Sudanese Prime Minister Abdullah Hamdok announced his resignation after his attempts to get out of the current political crisis failed, while 3 people were killed during new demonstrations calling for civilian rule.
Hamdok said in a speech broadcast on Sudanese television late yesterday evening, Sunday, that he took this decision after his recent efforts and meetings with the various political segments and components failed to reach a political consensus to avoid the country sliding towards what he described as chaos and instability.
He added that the solution to the dilemma facing Sudan is a dialogue that includes all components of society and the state to agree on a national charter, stressing that he tried to spare the country from slipping into disaster, as he put it.
The resigned Sudanese Prime Minister indicated that the transitional government dealt with all the challenges it faced, and that it accomplished the Juba Agreement, which contributed to silencing the guns and providing shelter for the displaced.
Hamdok also spoke about the government’s achievements, referring to the extension of freedoms and the removal of Sudan from the list of countries sponsoring terrorism.
In this context, he explained that his government was able to forgive many debts, and it was hoped that 90% of the country’s foreign debt would be reduced.
He pointed out that his acceptance of the assignment was the result of political consensus, noting that the major crisis in the country is a political one, but it includes the economic and social aspects.
He also said that he was certain of the victory of the revolution led by the youth of Sudan if they succeeded in developing a common vision for the future, considering that Sudan’s major problem is structural between its civil and military components.
The army commander, Abdel Fattah Al-Burhan, had dismissed and arrested Prime Minister Abdullah Hamdok and members of his government on October 25, but he returned him to his position without his government following international and local pressures on November 21.
The two men later signed an agreement to restore the democratic transition to its tracks and reassure the international community, which reduced its aid after the “coup.” The agreement was not satisfactory to all parties in Sudan, so protests continued in the streets.
Hamdok was supposed to form a new government, but he was unable to do so.
set aside differences
In the first external reaction after Hamdok’s resignation, the US State Department said that the Sudanese leaders should put aside differences and reach consensus.
The ministry added that Washington continues to stand by the Sudanese people and calls for an end to violence against the demonstrators.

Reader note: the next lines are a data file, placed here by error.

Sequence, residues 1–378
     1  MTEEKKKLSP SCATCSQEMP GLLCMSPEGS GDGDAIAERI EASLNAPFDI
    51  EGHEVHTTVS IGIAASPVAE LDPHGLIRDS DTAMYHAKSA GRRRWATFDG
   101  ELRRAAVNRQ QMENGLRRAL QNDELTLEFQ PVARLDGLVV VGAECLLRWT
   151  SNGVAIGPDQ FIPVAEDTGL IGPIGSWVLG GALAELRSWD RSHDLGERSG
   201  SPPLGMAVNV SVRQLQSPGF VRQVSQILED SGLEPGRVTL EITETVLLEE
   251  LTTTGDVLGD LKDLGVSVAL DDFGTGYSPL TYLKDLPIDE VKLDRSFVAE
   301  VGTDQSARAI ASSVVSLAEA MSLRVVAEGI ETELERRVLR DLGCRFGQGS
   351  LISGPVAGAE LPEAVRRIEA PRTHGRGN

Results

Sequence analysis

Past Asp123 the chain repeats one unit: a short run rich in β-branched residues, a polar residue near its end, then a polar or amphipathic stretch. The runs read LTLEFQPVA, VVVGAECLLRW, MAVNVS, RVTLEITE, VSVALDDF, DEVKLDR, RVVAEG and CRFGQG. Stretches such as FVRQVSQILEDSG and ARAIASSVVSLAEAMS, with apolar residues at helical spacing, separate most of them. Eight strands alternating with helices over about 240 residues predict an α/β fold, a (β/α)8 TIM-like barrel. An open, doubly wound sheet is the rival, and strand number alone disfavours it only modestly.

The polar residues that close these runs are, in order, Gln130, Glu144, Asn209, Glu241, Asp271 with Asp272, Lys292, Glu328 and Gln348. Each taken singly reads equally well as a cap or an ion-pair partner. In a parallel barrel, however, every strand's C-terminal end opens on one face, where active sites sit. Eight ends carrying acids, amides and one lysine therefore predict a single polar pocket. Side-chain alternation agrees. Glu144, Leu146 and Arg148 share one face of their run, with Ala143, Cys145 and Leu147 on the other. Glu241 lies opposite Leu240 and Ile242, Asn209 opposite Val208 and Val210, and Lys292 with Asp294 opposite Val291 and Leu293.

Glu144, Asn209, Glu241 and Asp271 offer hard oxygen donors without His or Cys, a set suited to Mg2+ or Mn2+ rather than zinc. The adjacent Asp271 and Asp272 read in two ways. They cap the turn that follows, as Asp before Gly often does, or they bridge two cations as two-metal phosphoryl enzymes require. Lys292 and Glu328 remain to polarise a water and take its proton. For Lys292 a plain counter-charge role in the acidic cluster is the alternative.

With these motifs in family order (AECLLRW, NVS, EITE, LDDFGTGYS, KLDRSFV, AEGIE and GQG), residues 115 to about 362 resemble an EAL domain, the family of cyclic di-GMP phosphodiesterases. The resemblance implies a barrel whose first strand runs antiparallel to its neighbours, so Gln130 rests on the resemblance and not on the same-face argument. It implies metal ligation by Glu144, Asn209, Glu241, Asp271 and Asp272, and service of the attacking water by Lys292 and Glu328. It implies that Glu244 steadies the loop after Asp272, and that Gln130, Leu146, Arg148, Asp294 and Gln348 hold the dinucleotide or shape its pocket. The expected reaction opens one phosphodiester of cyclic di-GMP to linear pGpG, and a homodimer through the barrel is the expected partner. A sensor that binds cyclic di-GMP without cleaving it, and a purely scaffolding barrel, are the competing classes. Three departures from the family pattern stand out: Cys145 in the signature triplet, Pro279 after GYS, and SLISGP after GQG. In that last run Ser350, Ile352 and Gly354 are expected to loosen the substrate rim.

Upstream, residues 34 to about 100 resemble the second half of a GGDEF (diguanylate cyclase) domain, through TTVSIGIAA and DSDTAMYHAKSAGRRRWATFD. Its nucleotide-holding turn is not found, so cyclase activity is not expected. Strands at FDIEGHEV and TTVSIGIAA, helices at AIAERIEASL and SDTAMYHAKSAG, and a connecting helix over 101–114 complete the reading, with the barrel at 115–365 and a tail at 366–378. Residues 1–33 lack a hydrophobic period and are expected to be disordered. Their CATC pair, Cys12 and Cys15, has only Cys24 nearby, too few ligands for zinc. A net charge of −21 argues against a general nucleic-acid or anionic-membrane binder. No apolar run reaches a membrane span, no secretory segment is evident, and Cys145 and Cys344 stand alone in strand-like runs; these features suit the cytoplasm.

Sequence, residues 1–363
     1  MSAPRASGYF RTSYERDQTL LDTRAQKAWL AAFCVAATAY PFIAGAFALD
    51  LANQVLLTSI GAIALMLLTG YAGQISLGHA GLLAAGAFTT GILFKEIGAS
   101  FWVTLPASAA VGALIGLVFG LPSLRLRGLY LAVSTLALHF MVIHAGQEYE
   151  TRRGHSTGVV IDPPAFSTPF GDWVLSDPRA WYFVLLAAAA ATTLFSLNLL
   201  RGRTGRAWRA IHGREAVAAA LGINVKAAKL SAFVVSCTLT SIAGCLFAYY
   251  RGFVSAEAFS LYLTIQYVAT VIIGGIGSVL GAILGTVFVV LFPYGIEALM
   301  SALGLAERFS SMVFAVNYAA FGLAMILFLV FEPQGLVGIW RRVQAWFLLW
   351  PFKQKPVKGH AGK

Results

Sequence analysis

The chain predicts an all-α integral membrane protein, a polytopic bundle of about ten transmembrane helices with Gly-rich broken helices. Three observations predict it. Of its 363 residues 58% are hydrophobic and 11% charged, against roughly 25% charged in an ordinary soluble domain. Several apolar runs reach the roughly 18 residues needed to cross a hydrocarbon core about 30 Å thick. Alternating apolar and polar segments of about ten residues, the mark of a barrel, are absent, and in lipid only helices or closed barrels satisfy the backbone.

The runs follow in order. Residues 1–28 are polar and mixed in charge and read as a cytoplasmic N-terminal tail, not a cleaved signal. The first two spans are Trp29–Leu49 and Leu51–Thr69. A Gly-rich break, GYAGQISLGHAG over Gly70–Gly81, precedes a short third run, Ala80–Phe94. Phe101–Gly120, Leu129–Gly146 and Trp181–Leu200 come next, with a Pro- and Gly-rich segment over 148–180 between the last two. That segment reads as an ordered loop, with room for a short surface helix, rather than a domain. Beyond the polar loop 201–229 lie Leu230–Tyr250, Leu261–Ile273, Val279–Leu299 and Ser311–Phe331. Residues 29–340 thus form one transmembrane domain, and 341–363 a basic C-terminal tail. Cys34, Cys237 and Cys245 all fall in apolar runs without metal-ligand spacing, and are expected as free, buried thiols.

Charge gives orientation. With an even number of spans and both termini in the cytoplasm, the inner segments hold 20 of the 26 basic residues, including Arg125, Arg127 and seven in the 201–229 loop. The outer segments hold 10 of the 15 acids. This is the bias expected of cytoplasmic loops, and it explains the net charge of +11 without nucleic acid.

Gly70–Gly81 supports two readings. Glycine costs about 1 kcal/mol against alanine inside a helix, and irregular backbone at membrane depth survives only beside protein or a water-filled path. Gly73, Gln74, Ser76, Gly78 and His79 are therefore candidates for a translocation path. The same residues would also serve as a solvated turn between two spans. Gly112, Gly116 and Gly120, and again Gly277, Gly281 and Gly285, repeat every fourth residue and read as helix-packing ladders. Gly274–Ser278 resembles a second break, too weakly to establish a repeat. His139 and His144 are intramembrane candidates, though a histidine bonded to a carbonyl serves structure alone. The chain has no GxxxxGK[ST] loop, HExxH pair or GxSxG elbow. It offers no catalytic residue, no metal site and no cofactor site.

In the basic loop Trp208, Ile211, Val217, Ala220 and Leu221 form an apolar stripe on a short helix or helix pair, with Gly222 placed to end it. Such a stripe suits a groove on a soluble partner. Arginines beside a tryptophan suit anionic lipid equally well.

And US Secretary of State Anthony Blinken said earlier that the army’s seizure of power in Sudan and the violence against demonstrators cast doubt on the chances of a democratic Sudan emerging.
Blinken expressed his country’s readiness to respond to those he called who seek to obstruct the Sudanese people’s aspiration for a democratic government with civilian leadership.
Hours before the prime minister announced his resignation, the Sudanese capital, Khartoum, and other cities witnessed confrontations between demonstrators and police forces that left various deaths and injuries.
The Sudan Doctors Committee confirmed that 3 protesters were killed in Omdurman and dozens were injured as the Sudanese forces used tear gas to disperse protesters who were on their way to the presidential palace in Khartoum.
The Sudanese Professionals Association appealed to doctors, surgeons and nurses to go to Omdurman and the capital’s hospitals, to treat the injured and provide the necessary medical services.
Thousands demonstrated in Khartoum and other cities as part of the so-called “Million of Martyrs” to demand civilian rule and condemn the killing of demonstrators during last week’s protests.
In a statement on Saturday, the Sudanese Professionals Association – the professional entity that played a pivotal role in the uprising that toppled Omar al-Bashir in April 2019 – called for making 2022 a “year of continuous resistance.”
He said that he calls on “the masses of the Sudanese people and the masses of Sudanese professionals and wage workers in all cities and villages of Sudan” to “go out and actively participate in the millions processions on January 2, 2022, so let us make it a year of continuous resistance.”
Earlier, the Sudanese Professionals Association submitted a proposal called “the political charter to complete the December revolution.”
The proposal, which Al Jazeera obtained a copy of, stipulates the necessity of overthrowing the Military Council, and forming a civilian transitional authority for a period of four years.
It also provides for the formation of an honorary civilian Sovereignty Council, a Council of Ministers whose members do not exceed 20 people from revolutionary competencies, and a civilian legislative council.
The proposal of the gathering of professionals also called for the construction and restructuring of the regular forces and the dismantling of all militias, especially the Rapid Support Forces, and for the Prime Minister to be the commander-in-chief of the armed forces.